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Influence of sexual phenotype and genotype, and sex ratio on growth performances in tilapia, Oreochromis niloticus

Toguyeni A., Fauconneau B., Fostier A., Abucay J., Mair G., Baroiller J.F.. 2002. Aquaculture, 207 : p. 249-261.

DOI: 10.1016/S0044-8486(01)00747-5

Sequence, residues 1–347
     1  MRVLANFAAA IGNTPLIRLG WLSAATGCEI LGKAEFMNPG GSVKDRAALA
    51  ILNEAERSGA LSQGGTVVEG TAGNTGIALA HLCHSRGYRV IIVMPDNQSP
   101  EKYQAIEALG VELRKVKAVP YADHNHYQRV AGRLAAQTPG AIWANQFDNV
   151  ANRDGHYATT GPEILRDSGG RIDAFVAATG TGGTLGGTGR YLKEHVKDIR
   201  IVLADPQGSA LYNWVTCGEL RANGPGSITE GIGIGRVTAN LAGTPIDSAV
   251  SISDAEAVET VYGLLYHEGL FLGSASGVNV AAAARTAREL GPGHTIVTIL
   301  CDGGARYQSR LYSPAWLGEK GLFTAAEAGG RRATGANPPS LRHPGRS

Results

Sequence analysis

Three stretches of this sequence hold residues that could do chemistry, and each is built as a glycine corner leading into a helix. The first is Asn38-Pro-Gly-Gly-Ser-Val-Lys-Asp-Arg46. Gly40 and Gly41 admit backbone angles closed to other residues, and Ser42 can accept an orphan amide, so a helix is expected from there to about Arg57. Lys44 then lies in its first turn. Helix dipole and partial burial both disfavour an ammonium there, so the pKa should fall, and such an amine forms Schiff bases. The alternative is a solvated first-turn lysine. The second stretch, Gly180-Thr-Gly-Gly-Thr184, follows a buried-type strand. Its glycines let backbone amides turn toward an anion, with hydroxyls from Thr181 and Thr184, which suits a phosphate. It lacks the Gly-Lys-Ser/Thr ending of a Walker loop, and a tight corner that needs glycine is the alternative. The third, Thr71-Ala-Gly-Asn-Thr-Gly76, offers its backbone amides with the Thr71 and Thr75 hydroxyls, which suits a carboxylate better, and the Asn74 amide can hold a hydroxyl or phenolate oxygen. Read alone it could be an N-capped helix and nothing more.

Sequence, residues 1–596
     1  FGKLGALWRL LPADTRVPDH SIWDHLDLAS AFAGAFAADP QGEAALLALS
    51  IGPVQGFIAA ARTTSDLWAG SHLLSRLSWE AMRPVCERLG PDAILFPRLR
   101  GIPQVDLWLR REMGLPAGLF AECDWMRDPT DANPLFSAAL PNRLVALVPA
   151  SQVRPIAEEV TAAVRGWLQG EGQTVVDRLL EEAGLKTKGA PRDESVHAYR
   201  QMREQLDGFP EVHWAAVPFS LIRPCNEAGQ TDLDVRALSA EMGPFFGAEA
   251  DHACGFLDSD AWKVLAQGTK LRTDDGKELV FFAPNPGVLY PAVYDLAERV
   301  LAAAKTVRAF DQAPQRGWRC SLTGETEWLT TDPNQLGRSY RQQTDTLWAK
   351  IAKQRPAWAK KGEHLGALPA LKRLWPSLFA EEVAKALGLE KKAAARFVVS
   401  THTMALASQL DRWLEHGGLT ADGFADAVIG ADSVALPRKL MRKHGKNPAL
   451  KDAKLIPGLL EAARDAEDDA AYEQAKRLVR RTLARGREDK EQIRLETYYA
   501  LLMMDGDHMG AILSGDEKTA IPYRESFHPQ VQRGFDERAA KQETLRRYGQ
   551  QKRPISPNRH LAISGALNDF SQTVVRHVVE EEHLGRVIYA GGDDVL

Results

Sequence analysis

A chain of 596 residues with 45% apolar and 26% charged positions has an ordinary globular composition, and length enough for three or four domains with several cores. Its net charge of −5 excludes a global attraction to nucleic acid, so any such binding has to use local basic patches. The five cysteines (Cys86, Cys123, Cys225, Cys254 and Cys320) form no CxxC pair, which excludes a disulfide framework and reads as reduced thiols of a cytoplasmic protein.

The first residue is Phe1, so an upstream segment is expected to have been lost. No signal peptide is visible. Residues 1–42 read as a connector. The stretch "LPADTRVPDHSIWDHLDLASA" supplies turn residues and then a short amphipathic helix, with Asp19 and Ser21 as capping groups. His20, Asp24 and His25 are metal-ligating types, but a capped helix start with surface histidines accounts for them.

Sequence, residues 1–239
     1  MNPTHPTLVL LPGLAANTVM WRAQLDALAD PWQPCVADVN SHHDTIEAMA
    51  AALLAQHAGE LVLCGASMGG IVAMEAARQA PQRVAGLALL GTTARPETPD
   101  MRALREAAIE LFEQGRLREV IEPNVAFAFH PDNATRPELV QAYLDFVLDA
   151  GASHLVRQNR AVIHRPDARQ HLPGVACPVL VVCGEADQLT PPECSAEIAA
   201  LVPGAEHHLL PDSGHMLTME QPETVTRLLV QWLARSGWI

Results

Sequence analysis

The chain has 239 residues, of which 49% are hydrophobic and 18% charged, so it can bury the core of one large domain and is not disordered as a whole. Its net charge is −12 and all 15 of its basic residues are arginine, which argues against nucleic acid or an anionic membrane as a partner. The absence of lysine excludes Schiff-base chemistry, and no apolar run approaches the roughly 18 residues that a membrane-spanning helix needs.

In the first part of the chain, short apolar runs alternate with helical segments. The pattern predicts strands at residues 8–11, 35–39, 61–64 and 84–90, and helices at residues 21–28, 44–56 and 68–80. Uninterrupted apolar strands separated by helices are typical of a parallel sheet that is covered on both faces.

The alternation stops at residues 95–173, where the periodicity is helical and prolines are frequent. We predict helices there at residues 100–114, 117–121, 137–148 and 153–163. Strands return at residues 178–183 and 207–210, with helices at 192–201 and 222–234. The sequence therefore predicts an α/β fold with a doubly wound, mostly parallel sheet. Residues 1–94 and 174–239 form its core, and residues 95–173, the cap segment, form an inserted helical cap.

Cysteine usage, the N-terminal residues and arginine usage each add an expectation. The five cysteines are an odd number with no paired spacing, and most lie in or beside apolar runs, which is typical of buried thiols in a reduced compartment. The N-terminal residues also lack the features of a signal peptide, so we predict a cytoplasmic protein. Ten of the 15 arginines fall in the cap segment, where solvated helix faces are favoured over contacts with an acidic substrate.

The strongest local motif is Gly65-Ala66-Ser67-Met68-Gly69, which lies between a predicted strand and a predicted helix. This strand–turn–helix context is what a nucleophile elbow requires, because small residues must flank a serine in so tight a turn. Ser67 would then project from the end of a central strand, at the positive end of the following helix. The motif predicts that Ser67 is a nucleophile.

In tilapia, precocious sexual maturity associated with continuous and asynchronous reproductive activity often results in unwanted reproduction and overcrowding in ponds where the food supply is limited. This constitutes a major limitation in the culture of most tilapia species. Furthermore, divergent growth performances linked to sex are regularly observed. Males present better growth performances than females. The first experiment of the present study analysed the influence of sexual genotype on phenotypic male growth rates. Males with three different sexual genotypes were produced: YY 100 (YY male X YY female), XY 100 (YY male X XX female) and XX 100 (hormonally sex-inverted females). They were compared with classic (XY male X XX female) or all female (XX male X XX female) progenies. The objectives of the second experiment were to study the influence of social interactions through the use of different sex ratios: F100, F75, F50, F25, F0 (F100 = 100% females in the population). These two experiments were carried out in hapas implanted in pond with "Egypt-UCS" strain of Oreochromis niloticus. At the end of the first experiment (140 days postfertilisation), the XY genotype presented the best growth performances and YY genotype the lowest. Final body weights of neomale (XX100) were significantly (P<0.05) higher than those of YY100 males. According to our results, the involvement of a genetic component in sex-related growth difference between males and females is strongly suspected. We stressed upon the involvement of genes bound to the sexual genotype (especially XY in comparison to YY and XX) independently of the sexual phenotype. Furthermore, sexual maturity is not the only phenomenon involved in the sexual dimorphism. From 102 days post-fertilisation until the end of the second experiment, females of the F25 population presented the best growth performances. Their final body weights were significantly higher than those of all the males except F50 population males. In general, female body weight tended to increase inversely to their proportion in the population. Males of the F50 population presented better growth rate than the other males. Thus, tilapias seems to be very sensitive to the effects of social interactions. This social behaviour could strongly influence growth differences between males and females.
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